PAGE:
Melting
Lars Stixrude
U. Roma Tre Short Course
27/3/13
Magma
Dynamics
.
.
Liquid-solid density
contrast
Origin of melt
.
.
MORB Generation
Water Partitioning
Inluence of water on
viscosity
Lithospheric thickness
Thermal History
Deep Heterogeneity
Compressibility
Liquid-solid density
inversion
Liquid-crystal density
inversion
Origin of Earth
—  Was Earth initially
molten?
—  How did Earth evolve
from this state?
—  What are the
consequences for
Earth’s present state?
—  What fossil evidence
can we find?
—  What was Earth’s first
atmosphere like?
Deep Melt
Deep Melting
First Principles Molecular Dynamics
Example: MgSiO3; Two-fold compression: V/VX=0.5; 6000 K
Initial condition: pyroxene structure, Maxwellian velocities
Liquid Structure
P=0 GPa
T=3000 K
Si-O polyhedra
Mg ions
P=140 GPa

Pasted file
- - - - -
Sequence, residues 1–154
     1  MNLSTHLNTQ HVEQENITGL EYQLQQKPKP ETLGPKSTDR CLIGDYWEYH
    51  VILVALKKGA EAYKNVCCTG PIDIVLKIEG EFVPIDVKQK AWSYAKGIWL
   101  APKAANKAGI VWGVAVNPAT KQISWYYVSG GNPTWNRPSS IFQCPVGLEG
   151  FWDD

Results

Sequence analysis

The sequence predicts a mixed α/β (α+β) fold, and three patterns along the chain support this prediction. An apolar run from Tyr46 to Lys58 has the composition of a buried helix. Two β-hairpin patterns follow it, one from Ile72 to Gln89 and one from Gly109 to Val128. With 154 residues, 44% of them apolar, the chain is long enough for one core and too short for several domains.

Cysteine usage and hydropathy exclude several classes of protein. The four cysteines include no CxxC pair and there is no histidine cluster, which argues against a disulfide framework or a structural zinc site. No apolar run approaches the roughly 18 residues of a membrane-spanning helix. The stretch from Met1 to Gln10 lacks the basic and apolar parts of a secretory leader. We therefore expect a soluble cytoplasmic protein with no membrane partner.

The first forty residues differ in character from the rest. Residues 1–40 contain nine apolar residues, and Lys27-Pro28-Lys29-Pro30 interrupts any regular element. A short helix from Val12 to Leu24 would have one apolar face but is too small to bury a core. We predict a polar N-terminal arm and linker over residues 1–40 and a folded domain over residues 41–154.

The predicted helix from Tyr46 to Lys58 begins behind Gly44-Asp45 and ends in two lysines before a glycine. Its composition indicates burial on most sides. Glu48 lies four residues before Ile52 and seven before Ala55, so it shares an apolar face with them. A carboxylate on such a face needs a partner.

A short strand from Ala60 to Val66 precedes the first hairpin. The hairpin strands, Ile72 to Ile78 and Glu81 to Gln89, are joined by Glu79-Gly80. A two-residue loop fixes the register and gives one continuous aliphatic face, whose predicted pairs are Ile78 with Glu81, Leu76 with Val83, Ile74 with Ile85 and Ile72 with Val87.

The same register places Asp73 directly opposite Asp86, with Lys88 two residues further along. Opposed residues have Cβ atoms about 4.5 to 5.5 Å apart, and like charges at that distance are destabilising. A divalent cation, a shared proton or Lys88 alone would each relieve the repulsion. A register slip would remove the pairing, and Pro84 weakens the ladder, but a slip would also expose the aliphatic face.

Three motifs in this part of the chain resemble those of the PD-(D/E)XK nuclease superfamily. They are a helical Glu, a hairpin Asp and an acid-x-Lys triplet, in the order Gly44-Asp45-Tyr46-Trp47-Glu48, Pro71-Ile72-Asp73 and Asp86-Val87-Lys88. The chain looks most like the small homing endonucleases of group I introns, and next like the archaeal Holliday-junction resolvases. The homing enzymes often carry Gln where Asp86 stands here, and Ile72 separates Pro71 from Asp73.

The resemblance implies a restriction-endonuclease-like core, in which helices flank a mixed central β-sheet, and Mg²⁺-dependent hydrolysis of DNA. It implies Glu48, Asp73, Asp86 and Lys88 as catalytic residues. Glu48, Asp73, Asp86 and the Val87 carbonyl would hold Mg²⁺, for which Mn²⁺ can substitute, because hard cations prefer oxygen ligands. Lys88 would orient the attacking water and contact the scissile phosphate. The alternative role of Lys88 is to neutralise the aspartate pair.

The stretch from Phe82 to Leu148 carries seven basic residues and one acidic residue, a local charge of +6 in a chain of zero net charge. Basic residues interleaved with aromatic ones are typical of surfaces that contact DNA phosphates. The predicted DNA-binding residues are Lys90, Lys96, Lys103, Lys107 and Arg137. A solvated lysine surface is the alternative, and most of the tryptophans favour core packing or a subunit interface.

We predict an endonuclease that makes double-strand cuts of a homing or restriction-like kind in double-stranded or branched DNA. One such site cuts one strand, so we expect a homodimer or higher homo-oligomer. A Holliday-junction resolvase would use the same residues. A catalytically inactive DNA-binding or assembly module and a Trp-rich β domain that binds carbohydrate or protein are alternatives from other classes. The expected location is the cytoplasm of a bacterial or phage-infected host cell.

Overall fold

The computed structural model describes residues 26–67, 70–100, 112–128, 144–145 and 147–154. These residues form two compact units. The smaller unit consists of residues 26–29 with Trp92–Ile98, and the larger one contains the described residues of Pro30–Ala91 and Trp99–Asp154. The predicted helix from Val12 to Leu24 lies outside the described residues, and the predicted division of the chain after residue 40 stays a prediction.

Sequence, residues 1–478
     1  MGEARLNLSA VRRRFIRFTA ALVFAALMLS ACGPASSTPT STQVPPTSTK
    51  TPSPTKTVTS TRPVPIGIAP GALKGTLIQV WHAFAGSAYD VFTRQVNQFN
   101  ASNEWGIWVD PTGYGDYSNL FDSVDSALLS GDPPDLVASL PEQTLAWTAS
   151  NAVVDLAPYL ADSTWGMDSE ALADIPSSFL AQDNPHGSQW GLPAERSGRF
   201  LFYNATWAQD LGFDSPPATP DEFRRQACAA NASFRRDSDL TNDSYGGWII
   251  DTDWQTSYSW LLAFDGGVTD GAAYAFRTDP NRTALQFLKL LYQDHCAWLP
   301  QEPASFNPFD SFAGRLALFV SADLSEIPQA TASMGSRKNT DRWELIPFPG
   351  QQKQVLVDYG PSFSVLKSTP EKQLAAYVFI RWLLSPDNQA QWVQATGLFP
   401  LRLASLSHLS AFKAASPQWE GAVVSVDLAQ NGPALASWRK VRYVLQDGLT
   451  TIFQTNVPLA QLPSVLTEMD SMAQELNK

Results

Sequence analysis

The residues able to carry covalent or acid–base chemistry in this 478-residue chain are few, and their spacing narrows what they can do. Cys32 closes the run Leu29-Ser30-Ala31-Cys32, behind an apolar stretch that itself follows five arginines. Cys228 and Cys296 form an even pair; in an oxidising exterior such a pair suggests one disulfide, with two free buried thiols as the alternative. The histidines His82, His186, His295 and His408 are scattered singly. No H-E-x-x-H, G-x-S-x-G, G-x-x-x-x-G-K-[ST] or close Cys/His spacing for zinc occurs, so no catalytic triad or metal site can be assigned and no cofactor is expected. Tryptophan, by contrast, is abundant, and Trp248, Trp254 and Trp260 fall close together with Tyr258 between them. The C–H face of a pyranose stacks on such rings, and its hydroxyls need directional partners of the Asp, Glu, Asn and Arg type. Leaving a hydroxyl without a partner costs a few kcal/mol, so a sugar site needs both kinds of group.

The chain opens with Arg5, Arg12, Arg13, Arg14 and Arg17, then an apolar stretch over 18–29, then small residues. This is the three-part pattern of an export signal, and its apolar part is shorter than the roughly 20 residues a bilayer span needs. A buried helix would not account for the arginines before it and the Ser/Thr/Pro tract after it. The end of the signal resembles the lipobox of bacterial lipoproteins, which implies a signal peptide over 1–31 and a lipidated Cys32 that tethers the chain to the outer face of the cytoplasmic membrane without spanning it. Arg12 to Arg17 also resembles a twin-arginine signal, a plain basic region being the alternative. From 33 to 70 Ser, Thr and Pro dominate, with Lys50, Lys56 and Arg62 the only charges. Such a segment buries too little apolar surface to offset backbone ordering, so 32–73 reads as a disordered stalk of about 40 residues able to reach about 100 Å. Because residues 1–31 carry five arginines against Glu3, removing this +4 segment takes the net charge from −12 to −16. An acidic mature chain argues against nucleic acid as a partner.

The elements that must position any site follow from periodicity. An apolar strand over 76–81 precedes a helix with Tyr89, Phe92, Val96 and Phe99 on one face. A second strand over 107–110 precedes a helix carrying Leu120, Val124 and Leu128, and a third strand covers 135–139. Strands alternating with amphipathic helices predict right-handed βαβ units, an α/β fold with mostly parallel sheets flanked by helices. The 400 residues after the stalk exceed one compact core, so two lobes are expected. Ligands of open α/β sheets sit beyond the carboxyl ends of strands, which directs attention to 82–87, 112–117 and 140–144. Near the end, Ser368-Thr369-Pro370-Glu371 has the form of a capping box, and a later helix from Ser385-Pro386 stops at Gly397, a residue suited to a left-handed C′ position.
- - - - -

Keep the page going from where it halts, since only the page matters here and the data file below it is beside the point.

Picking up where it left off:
T=3000 K
Melting
Volume and
entropy
Grüneisen Parameter
—  Increase on compression
appears to be a
universal feature of
silicate liquids
—  Prediction confirmed by
Hugoniot data
(Mosenfelder et al.,
2007 JGR)
—  Tendency for γ to
decrease with increasing
polymerization (NBO/T)
Original Thermal State of
Earth
—  Complete melting much
easier than previously
thought
—  TP~2450 K sufficient to melt
entire mantle
—  Steep liquid-state isentropes
(large γ)
—  Crystallization of magma
ocean begins at mid-mantle
depths
—  TP~2000 K (Archean?)
produces melt in lower
mantle
—  Melting at base of present
mantle
Molten Earth
Lower Magma Layer
Source of lower
mantle chemical
heterogeneity?
Upper
Magma
Layer
SIlicate/
Steam
Atmosphere
Source of chondritic
complement?
ULVZ a remnant?
Lower
Magma
Layer
Volatile reservoir?
Reaction with core?
Crystallizing
Layer
Mantle Heterogeneity
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Melting Lars Stixrude 27/3/13